We just finished celebrating Canada Day, so I thought I would share a book that looks at the eighty year period up to when the book was published in 1863. The book is called Eighty Years’ Progress published by L. Stebbins, Toronto.
The primary contributor and editor was Henry Youle Hind (1823 – 1908) a Canadian geologist and explorer. He was born in Nottingham, England, and immigrated to Toronto, Ontario in 1846. He taught chemistry and geology at Trinity College in Toronto. Hind was closely associated with the establishment of the Canadian Institute, a loose association of engineers and surveyors, and acted as editor of the Institute's journal, the Canadian Journal 1852-57.
The full description on the title page describes what this book is all about – “Eighty Years’ Progress of British North America; showing the wonderful development of its natural resources, by the unbounded energy and enterprise of its inhabitants; giving, in a historical form, the vast improvements made in agriculture, commerce, and trade, modes of travel and transportation, mining, and educational interests, etc., etc., with a large amount of statistical information, from the best and latest authorities.
This book, 776 pages, is bound in brown leather, with both blind and gold embossing on the covers and on the spine. The illustration on the spine is that of a beaver and maple leaves. All edges gilt. The 34 illustrations include maps of canals and railroads and views of the Ottawa River, Toronto, St. John’s, Halifax and Pictou.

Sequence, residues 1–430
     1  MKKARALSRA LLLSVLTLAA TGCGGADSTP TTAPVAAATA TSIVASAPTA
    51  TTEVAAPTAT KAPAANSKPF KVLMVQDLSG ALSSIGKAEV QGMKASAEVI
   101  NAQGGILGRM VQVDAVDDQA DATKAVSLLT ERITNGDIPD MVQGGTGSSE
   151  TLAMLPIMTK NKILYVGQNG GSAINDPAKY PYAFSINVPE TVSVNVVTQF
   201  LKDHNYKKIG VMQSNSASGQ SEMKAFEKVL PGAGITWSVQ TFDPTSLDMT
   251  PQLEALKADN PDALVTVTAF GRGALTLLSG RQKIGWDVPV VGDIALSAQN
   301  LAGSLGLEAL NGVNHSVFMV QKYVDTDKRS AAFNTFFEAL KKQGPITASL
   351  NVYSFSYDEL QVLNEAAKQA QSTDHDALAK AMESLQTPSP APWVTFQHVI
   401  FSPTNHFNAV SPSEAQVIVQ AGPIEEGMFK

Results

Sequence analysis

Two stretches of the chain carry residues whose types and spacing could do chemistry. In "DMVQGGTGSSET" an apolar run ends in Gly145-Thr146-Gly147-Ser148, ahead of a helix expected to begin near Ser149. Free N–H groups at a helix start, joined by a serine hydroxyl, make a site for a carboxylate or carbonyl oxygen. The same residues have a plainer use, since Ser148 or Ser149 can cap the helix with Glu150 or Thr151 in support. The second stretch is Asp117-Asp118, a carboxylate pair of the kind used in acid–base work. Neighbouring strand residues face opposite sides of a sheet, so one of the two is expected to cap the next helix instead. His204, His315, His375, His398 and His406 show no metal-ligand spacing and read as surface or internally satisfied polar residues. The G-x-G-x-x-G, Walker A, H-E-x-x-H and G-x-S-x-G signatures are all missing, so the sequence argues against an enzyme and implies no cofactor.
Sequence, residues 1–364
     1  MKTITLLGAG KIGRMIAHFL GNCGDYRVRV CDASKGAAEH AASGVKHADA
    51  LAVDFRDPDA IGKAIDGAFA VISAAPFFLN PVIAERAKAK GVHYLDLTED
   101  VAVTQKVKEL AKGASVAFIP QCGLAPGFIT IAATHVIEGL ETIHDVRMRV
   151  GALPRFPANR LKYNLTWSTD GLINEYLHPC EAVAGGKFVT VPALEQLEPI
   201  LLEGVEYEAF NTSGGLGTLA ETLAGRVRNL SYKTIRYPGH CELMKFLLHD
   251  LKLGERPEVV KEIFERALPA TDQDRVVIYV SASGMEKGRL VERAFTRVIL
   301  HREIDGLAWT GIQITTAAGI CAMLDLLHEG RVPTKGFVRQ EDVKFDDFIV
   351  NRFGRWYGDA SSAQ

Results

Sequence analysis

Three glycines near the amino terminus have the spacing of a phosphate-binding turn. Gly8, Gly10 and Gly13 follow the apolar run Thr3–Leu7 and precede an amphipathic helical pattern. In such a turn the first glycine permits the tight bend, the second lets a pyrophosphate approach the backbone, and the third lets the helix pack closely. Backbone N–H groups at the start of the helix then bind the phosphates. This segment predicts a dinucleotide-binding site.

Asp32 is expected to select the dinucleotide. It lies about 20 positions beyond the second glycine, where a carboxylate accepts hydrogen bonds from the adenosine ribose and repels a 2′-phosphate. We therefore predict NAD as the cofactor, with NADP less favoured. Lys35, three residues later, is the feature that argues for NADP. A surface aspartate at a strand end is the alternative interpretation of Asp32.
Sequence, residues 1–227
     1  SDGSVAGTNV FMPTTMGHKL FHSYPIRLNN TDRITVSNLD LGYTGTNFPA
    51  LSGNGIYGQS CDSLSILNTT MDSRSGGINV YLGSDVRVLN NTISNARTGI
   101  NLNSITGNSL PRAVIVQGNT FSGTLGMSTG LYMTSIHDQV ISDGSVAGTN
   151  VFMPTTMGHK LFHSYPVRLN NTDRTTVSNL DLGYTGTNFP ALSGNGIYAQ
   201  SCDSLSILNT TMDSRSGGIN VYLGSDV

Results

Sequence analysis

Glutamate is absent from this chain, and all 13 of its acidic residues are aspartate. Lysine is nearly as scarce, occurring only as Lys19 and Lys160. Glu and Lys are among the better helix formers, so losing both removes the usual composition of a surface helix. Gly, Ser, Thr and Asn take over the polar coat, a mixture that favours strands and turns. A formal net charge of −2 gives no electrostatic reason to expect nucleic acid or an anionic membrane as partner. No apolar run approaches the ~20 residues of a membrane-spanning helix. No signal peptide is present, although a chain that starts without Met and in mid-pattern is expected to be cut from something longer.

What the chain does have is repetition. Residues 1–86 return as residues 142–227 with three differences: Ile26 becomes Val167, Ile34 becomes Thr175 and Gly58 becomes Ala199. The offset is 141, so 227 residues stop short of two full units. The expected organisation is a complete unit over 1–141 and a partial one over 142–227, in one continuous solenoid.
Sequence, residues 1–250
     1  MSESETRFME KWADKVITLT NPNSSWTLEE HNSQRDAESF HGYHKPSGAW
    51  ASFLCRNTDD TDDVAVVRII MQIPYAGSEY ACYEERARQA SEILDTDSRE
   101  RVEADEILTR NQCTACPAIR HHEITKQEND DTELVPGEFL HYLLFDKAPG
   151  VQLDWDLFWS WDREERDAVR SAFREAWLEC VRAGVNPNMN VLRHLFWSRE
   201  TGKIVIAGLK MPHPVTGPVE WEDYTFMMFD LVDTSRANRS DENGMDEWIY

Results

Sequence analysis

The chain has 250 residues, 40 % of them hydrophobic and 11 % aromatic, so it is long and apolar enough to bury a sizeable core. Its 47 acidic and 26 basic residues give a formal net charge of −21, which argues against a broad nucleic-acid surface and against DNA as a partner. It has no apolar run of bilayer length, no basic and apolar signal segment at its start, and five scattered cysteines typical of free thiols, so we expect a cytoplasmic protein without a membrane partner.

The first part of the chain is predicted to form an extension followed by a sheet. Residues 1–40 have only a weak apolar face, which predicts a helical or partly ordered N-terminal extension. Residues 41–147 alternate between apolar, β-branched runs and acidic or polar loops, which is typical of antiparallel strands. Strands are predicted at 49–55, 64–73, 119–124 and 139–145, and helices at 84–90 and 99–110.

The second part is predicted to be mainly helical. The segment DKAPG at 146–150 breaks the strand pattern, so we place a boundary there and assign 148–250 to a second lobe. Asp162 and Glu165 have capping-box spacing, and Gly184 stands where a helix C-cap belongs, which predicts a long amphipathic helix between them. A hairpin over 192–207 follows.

There are chapters on agriculture, the forest industry, travel and transportation, commerce and trade, the mineral resources, historical sketches of education in Upper and Lower Canada. The book concludes with a chapter on each of New Brunswick, Nova Scotia, PEI and Newfoundland.
Since, we reside in the beautiful Province of Nova Scotia, I thought I would share some of the more interesting facts and comments listed in its chapter:
- Scenery – The scenery of Nova Scotia is not grand or imposing, when compared with that of some other countries. Still it is diversified, picturesque, and in some instances, of exceeding beauty. We know of no scenery – natural scenery – that can surpass that of Mahone Bay. It is for sight, not for description.
- Autumn is the finest season in Nova Scotia. It is mild, serene, and cool enough to be bracing, and the atmosphere is of a purity that renders it peculiarly exhilarating and health-giving.
- Per the census of 1861, the population of Nova Scotia was 330,857.
- The three largest occupations; farmers – 37,897; farm labourers – 9,306; fishermen – 7,659.
- Some interesting occupations: grindstone-makers (76); sawyers (68); pianofortemakers (9); iron-puddlers (7).
- Canso was spelled Canseau
- There were 22 newspapers
Always fun to look back into time – in this case the census was taken 160 years ago.